Former Gator Atkins found dead in car
Published: Thursday, July 5, 2007 at 3:51 p.m.
Last Modified: Thursday, July 5, 2007 at 3:51 p.m.
The turbulent and troubled life of former Florida football player Avery Atkins has come to a tragic end.
Atkins, 20, was found dead in his car Thursday morning in his aunt's garage in Port Orange. His death came only three days after he was arrested in Ormond Beach for possession of crack cocaine. It was his third arrest in the past three months.
According to a release from the Port Orange Police Department, Atkins was pronounced dead at 9:24 a.m. at Halifax Medical Center. According to police, the cause of death was not apparent and will be determined by an autopsy. Police said there were no apparent signs of trauma to the body.
The news of Atkins' sudden and unexpected death sent shock waves through Gainesville, where Atkins had been a rising star as a true freshman cornerback for the Gators in 2005. Atkins, a former Daytona Beach Mainland standout, was the highest-rated prospect in Urban Meyer's first recruiting class.
"It's a tough one," said former UF safety Jarvis Herring, a senior on the 2005 team. "He had a great heart and he was basically a good kid. I don't know what happened.
"That guy had so much potential. That's why so many people (at UF) were on him to do the right thing. The sky was the limit for him. He could have made it to the NFL easy. He had that type of talent and all the intangibles. It was shocking when I found out he had died."
One of the nation's top defensive back prospects coming out of high school, Atkins made an immediate impact at Florida, where he saw considerable playing time as a true freshman in the Gators' depth-shy secondary. In the final regular-season game against arch-rival Florida State, Atkins intercepted a pass and recovered a fumble.
Atkins was a projected starter for the 2006 season, but he dropped out of school that summer, shortly after he was charged with domestic battery on the mother of his child in Daytona Beach.
Atkins enrolled at Bethune-Cookman College and played in three games this past season.
He dropped out of B-CC and tried to make a comeback at Florida, enrolling in classes in January. But he dropped out again after only a few weeks and returned to Daytona Beach.
"All of us were wishing he would stay in school (this past winter) and then he'd have some structure in his life. That's what he needed," Herring said.
Herring said he and fellow former UF defensive back Vernell Brown became close to Atkins during the 2005 season. Herring and Brown were both seniors and tried to offer guidance to the true freshman, Herring said.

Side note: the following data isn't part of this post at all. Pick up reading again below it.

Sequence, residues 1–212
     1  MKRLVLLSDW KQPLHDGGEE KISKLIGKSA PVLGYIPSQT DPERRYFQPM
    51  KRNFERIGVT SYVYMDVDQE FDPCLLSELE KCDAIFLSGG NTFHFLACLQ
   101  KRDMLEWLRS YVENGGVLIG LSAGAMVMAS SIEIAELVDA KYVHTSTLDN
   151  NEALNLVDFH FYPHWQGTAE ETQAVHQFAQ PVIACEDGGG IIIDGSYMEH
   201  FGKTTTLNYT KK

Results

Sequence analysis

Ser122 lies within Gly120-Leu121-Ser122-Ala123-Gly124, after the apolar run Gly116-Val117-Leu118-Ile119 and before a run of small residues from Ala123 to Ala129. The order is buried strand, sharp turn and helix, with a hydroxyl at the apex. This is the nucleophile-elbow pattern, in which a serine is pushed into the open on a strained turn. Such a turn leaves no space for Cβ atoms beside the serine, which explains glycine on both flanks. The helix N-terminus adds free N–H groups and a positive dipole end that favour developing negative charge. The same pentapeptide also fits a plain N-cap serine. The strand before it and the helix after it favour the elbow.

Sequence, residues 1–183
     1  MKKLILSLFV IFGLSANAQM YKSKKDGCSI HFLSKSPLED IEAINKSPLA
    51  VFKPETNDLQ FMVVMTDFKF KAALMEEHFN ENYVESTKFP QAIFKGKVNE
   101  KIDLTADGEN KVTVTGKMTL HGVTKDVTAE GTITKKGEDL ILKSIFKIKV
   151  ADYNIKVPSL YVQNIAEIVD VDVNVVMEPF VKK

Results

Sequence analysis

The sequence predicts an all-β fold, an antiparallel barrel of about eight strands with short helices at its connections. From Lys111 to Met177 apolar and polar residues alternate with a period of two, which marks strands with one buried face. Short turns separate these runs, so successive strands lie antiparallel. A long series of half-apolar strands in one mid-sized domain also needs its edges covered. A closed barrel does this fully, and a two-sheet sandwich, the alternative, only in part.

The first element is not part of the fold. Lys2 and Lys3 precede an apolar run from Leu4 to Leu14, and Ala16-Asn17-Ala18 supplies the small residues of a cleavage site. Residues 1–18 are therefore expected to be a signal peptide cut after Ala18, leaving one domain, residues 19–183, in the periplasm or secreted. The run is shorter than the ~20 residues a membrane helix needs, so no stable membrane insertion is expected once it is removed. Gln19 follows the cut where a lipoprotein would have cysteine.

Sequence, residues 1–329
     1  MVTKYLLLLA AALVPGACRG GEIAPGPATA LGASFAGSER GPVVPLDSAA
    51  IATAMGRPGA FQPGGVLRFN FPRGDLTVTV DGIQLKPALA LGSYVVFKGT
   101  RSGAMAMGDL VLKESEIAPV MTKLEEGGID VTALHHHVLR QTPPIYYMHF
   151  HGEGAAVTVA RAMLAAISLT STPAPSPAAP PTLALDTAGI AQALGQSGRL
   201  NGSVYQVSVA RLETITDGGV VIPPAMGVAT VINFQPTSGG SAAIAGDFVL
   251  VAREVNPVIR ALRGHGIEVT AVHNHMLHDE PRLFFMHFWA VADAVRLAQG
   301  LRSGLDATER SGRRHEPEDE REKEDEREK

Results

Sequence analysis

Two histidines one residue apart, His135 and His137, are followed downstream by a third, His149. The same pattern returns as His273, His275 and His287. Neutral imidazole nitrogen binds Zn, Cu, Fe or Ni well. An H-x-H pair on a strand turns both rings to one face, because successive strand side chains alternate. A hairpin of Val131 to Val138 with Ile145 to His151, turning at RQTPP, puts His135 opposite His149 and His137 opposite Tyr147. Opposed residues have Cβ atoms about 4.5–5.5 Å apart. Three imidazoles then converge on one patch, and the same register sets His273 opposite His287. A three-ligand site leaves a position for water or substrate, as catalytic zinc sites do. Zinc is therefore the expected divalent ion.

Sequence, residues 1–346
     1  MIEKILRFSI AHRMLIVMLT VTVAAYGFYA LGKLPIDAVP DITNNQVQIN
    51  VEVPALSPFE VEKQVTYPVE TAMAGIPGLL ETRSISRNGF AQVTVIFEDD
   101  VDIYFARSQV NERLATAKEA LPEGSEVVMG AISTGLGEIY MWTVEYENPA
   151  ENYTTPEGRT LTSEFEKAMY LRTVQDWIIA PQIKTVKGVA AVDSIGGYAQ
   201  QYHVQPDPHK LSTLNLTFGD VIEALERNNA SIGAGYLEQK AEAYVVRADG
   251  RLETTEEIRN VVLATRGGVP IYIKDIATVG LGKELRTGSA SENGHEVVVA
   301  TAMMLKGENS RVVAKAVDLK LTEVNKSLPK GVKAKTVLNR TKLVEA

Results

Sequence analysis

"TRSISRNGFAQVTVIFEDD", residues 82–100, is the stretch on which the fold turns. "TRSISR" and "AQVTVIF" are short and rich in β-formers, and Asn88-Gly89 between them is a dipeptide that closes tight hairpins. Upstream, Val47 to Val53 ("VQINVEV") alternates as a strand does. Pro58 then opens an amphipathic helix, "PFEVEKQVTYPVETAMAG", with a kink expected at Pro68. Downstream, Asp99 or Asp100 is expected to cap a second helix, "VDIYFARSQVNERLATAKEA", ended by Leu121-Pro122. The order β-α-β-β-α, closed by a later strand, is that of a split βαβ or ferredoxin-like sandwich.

"We really took him under our wing because he was having a few problems," Herring said. "Vernell was like a big brother to him. Avery really looked up to us a lot. I have a special little place in my heart for him.
"When he was in school here, he stayed out of trouble. Everybody was trying to lead him in the right direction. He was a great dude to us. All the guys on the team took well to him. I don't know, something must have happened when he went back home."
Brown said he lost touch with Atkins after Atkins left UF the first time. He said he found out about Atkins' death Thursday morning and put an immediate call in to Meyer.
"Coach Meyer was devastated," said Brown, a former Gainesville High star. "Ever since I've known him, coach Meyer has done everything he could to help Avery. Avery was a good person. He was just kind of lost and needed guidance.
"People were wiling to help. But people can only go so far. Without the person taking the hand that's reaching out for them. ... it's sad, a sad situation. Avery had some things going on back home that were hard to relate to. It's definitely sad. You've got a guy who's 20 years old with a young child and now he's gone."
Atkins had a second chance to make it at Florida, thanks to the efforts of secondary coach Chuck Heater, who worked to get Atkins back in school in January. But like so many other things in Atkins' life, it just didn't work out.
"I called Coach Heater and he's devastated, broken up," Brown said.
UF released a statement from Meyer on Thursday afternoon.
"We are saddened to hear the news regarding Avery," Meyer said. "We share our grief with the Atkins' family and those close to them."
Former UF linebacker Darryon Robinson said he will remember the Avery Atkins he came to know during the 2005 season.
"He was just a good kid who always had a smile on his face," Robinson said. "He was a good player, a good person and a good friend regardless of what his personal issues were. It's always a shock whenever you lose a teammate and a friend."
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